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Transjugular intrahepatic portosystemic shunt (TIPS)

 

Definition

Transjugular intrahepatic portosystemic shunt (TIPS) is a procedure to create new connections between two blood vessels in your liver. You may need this procedure if you have very bad liver problems.

Alternative Names

TIPS

Description

This is not surgery. It is done by a radiologist using x-ray. A radiologist is a doctor who uses imaging techniques to diagnose and treat diseases.

You will probably receive local anesthesia and medicine to relax you. This will make you pain free and sleepy, or you may have general anesthesia (asleep and pain-free).

Your radiologist will insert a catheter (a flexible tube) through your skin into a vein in your neck.

  • On the end of the catheter is a balloon and a metal mesh stent (tube).
  • Using x-ray equipment, the surgeon will guide the catheter into a vein in your liver.
  • The balloon will be blown up to place the stent. You may feel a little pain when this happens.
  • Your radiologist will use the stent to connect your portal vein to one of your hepatic veins.

This new pathway will allow blood to flow better. It will ease pressure on the veins of your stomach, esophagus, intestines, and liver.

Why the Procedure Is Performed

Normally, blood coming from your esophagus, stomach, and intestines first flows through the liver. When your liver has a lot of damage, this blood cannot flow through it very easily. This is called portal hypertension (increased pressure and backup at the portal vein).

When this problem happens, you may have:

  • Bleeding from veins of the stomach, esophagus, or intestines (variceal bleeding)
  • Buildup of fluid in the belly (ascites)
  • Buildup of fluid in the chest (hydrothorax)
  • Clotting in a vein that carries blood from the liver to the heart (Budd-Chiari syndrome)

This procedure allows your blood to flow better in your liver, stomach, esophagus, and intestines, and then back to your heart.

Risks

Potential risks for this procedure are:

  • Infection, bruising, or bleeding
  • Reactions to medicines
  • Damage to blood vessels
  • Fever
  • Stiffness, bruising, or soreness in the neck

Rare risks are:

  • Blockage in the stent
  • Infection of the stent
  • Bleeding in the belly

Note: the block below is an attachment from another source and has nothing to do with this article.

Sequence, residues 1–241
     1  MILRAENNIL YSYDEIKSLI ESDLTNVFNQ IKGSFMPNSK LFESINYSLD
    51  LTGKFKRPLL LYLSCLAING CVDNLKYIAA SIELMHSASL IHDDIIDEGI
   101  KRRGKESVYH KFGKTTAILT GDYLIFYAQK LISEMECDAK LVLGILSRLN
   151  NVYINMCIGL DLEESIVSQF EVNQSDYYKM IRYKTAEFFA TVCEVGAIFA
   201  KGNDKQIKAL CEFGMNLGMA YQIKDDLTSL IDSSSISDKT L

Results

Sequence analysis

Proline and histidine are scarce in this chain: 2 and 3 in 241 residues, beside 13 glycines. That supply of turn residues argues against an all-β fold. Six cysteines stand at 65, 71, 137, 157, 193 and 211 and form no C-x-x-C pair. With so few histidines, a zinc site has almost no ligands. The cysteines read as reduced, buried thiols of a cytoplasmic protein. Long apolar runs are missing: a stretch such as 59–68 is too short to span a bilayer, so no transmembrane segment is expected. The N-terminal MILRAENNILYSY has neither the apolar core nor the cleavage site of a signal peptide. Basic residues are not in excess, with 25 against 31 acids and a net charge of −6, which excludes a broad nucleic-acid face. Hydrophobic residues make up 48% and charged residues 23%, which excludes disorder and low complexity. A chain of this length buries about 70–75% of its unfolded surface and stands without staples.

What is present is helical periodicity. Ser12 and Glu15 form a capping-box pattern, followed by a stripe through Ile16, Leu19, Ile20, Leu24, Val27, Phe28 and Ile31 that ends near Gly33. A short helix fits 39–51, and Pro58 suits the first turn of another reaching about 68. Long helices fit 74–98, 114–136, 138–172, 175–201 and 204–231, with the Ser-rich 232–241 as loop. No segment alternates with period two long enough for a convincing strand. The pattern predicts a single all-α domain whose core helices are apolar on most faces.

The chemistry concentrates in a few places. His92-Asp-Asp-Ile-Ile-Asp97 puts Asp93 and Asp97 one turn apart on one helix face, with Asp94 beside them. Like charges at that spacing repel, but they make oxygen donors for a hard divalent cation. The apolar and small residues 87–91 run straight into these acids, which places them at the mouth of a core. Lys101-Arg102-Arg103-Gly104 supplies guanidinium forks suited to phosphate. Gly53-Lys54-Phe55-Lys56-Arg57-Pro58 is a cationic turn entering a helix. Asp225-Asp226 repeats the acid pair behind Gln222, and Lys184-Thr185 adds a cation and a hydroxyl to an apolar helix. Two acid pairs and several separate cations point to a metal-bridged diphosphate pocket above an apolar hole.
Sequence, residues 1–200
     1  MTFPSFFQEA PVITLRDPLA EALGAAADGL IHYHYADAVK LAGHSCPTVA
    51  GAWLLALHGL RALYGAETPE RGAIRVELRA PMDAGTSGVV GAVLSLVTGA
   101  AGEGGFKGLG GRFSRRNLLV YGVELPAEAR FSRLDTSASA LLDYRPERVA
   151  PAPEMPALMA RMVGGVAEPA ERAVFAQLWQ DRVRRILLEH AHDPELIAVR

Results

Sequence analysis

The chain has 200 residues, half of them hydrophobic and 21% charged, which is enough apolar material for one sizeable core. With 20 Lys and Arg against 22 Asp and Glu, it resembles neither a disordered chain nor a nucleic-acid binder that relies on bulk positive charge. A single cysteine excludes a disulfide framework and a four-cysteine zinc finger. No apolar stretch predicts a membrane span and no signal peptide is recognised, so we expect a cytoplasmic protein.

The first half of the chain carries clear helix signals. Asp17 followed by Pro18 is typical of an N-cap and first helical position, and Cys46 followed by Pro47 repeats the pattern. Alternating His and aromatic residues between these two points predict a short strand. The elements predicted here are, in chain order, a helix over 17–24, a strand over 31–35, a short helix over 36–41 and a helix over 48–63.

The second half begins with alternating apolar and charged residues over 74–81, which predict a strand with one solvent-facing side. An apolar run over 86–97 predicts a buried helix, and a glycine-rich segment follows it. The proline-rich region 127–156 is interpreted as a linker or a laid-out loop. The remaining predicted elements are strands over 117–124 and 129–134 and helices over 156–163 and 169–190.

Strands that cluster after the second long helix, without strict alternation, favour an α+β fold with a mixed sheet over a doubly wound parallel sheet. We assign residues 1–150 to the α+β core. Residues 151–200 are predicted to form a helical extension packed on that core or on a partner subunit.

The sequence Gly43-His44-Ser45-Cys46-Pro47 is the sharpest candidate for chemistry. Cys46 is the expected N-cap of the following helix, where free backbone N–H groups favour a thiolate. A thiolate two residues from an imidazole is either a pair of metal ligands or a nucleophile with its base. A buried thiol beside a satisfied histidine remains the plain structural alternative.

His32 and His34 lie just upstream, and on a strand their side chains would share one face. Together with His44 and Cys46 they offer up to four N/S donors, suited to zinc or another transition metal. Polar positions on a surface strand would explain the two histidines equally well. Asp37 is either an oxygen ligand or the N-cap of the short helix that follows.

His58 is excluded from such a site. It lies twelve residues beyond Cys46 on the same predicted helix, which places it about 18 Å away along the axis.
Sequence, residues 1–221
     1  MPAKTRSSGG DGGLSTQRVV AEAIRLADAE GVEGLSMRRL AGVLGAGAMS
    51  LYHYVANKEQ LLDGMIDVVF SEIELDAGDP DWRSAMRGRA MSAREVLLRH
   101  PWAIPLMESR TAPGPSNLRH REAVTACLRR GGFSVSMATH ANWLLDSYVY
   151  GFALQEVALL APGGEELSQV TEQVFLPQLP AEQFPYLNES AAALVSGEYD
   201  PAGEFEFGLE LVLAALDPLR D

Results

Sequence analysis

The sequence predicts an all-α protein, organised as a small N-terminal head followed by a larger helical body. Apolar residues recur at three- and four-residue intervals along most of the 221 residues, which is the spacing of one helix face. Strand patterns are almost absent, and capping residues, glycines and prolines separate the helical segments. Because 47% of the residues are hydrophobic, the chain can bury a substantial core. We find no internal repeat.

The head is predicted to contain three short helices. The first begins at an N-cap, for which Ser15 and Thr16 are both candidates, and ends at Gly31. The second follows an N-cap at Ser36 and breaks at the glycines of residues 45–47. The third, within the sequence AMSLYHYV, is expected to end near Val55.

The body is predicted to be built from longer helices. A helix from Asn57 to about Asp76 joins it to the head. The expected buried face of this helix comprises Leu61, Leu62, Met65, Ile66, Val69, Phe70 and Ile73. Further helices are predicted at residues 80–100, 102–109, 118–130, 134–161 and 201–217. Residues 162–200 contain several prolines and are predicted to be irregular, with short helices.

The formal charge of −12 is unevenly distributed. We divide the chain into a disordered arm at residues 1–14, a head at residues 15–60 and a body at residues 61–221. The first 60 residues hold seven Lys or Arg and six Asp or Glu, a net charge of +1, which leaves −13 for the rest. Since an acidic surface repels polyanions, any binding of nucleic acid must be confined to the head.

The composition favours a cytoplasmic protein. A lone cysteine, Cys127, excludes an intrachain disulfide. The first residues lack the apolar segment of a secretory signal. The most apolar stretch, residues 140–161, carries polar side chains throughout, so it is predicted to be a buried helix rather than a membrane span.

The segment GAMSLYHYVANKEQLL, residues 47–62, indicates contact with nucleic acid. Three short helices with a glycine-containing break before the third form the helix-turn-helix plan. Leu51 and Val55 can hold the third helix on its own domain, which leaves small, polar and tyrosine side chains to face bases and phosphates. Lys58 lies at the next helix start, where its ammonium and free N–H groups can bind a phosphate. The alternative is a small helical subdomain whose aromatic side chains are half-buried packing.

• Cutting of the blood vessels of the liver
  • Heart problems
Before the Procedure

Your doctor may ask you to have these tests:

Always tell your doctor or nurse:

  • If you are or could be pregnant
  • Any drugs you are taking, even drugs, supplements, or herbs you bought without a prescription

On the day of your surgery:

  • Do not eat or drink anything after midnight the night before surgery.
  • Ask your doctor which drugs you should still take on the day of surgery. Take these drugs with a small sip of water.
  • Take a shower the night before or the morning of surgery.
  • Your doctor or nurse will tell you when to arrive at the hospital.
After the Procedure

After the procedure, you will recover in your hospital room. You will be monitored for bleeding. You will have to keep your head raised.

You will be able to go home when you feel better. This may be the day after surgery.

Many people get back to their everyday activities in 7 to 10 days.

Your doctor will probably do ultrasounds after surgery to make sure the stent is working correctly.

Outlook (Prognosis)

Your radiologist can tell you right away how well the procedure worked. Most patients recover well.

References

Rikkers LF. Surgical complications of cirrhosis and portal hypertension. In: Townsend CM, Beauchamp RD, Evers BM, Mattox KL, eds. Sabiston Textbook of Surgery. 18th ed. Philadelphia, Pa: Saunders Elsevier; 2008:chap 53.


Review Date: 1/30/2009
Reviewed By: Robert A. Cowles, MD, Assistant Professor of Surgery, Columbia University College of Physicians and Surgeons, New York, NY. Review provided by VeriMed Healthcare Network. Also reviewed by David Zieve, MD, MHA, Medical Director, A.D.A.M., Inc.
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